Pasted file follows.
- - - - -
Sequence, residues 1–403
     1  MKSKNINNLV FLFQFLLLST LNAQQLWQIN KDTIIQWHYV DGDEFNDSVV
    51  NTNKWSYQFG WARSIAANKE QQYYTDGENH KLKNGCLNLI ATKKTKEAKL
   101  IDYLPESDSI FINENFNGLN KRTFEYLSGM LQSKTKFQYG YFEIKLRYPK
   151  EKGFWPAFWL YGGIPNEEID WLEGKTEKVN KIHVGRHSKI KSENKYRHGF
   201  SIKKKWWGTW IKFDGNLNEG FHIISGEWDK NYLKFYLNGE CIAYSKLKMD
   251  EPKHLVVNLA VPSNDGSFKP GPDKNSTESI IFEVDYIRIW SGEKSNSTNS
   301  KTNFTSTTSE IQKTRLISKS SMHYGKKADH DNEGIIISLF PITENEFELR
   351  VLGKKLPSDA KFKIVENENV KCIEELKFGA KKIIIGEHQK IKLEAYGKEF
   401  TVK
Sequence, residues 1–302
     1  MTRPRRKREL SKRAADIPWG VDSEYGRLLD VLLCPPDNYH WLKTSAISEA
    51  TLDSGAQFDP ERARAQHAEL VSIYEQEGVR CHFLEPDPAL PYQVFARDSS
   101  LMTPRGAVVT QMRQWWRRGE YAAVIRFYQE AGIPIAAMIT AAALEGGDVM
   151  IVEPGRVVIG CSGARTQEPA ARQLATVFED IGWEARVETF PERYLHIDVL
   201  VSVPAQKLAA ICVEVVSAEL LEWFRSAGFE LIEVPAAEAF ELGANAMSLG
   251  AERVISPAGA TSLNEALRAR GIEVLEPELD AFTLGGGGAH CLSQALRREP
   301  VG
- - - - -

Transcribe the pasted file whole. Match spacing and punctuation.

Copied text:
Sequence, residues 1–403
     1  MKSKNINNLV FLFQFLLLST LNAQQLWQIN KDTIIQWHYV DGDEFNDSVV
    51  NTNKWSYQFG WARSIAANKE QQYYTDGENH KLKNGCLNLI ATKKTKEAKL
   101  IDYLPESDSI FINENFNGLN KRTFEYLSGM LQSKTKFQYG YFEIKLRYPK
   151  EKGFWPAFWL YGGIPNEEID WLEGKTEKVN KIHVGRHSKI KSENKYRHGF
   201  SIKKKWWGTW IKFDGNLNEG FHIISGEWDK NYLKFYLNGE CIAYSKLKMD
   251  EPKHLVVNLA VPSNDGSFKP GPDKNSTESI IFEVDYIRIW SGEKSNSTNS
   301  KTNFTSTTSE IQKTRLISKS SMHYGKKADH DNEGIIISLF PITENEFELR
   351  VLGKKLPSDA KFKIVENENV KCIEELKFGA KKIIIGEHQK IKLEAYGKEF
   401  TVK
Sequence, residues 1–302
     1  MTRPRRKREL SKRAADIPWG VDSEYGRLLD VLLCPPDNYH WLKTSAISEA
    51  TLDSGAQFDP ERARAQHAEL VSIYEQEGVR CHFLEPDPAL PYQVFARDSS
   101  LMTPRGAVVT QMRQWWRRGE YAAVIRFYQE AGIPIAAMIT AAALEGGDVM
   151  IVEPGRVVIG CSGARTQEPA ARQLATVFED IGWEARVETF PERYLHIDVL
   201  VSVPAQKLAA ICVEVVSAEL LEWFRSAGFE LIEVPAAEAF ELGANAMSLG
   251  AERVISPAGA TSLNEALRAR GIEVLEPELD AFTLGGGGAH CLSQALRREP
   301  VG